What infosec can learn from the Greek elections

Sometimes disruption just happens. It occurs when something creates a dramatic change of direction, and examples are all around us: the introduction of the GUI, the iPod and the iPhone, the Tesla Model S, the cloud. The Greek election may be one too, if the threats made are being put forward into action.

From an infosec perspective, the importance of disruption must not be forgotten. As technology is created, new markets open, old markets close, new opportunities arise and threats emerge. If we as security professionals lose sight of that fact, we quickly lose our purpose and edge, and we put our employers at risk.

We may look at the election in Greece with different perspectives. From inside Greece, the disruption of a new leadership provides much needed hope in a desperate situation. The promissed benefits carried by the change far outweigh the costs of keeping a status quo. In infosec we may apply similar approaches when dealing with security awareness, and when implementing new technologies to reduce the stressful situations faced by end users.

We should also understand the opposite of hope – despair – which is caused when people are forced into doing something they do not enjoy, understand or find easy to do – for example having to change their 16-character long password every month.

From outside Greece, the disruption is a threat – financially (what if Greece is not paying their debts), and politically (what will happen to the Euro, and the EU should Greece choose not to pay). Politics aside, let us consider how external threats may impact your security.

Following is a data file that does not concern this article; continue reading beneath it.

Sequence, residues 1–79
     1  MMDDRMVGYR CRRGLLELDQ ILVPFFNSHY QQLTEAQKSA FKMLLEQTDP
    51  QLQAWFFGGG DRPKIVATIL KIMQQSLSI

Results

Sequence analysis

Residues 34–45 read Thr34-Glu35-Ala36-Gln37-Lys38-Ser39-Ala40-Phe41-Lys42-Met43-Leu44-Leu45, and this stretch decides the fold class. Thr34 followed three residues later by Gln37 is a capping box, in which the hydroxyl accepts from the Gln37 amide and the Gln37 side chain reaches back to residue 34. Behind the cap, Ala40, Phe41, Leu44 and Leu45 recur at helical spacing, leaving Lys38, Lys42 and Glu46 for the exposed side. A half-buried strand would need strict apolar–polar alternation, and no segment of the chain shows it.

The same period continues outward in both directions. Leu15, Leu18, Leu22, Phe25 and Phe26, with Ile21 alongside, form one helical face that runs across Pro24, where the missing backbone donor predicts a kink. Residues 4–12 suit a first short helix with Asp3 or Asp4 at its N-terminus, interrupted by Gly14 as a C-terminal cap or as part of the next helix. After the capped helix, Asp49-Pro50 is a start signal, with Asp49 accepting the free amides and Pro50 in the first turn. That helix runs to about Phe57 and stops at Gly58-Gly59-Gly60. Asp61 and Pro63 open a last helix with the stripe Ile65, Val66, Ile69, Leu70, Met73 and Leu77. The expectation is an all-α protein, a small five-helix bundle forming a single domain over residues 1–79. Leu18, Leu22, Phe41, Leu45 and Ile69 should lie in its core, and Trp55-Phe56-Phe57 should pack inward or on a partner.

In a normal situation, an external threat may be positive for internal morale. It creates an out-group (a group we are not a member of) that becomes a common target for our group, motivating us to face the threat and overcome it. The challenge arises when the outside threat is considered too large, and we end up feeling unable to handle it. When this happens, our in-group quickly becomes demotivated, fatalistic and even destructive. This kind of group is your worst enemy, as it will tear apart all your security efforts. It will oppose you, sabotage your policies, tools and trainings.

How do you handle a demotivated, fatalistic and destructive workforce? How do you turn them around? The short answer is change the culture. Before you can change the culture, you need to map the current one, and design your new culture. You need a high level of situational awareness in your analytics, and most likely, you are not the best suited person to do all these things. Instead, you may want to bring on board an organizational theorist, or at a very minimum work closely with HR.

You can approach a difficult group with disruption too. Planned correctly and executed well, you can change the culture quickly. That is not to say that you should not monitor the new culture as it evolves, you need to control that change.

Revisiting the Greek election, we may be seeing a sort of disruption that will steer the ship back onto the right course. It is not a given, though, as every disruption carries the risk of not succeeding. Or in the words of disruption: something must give way – the change, or the status quo!

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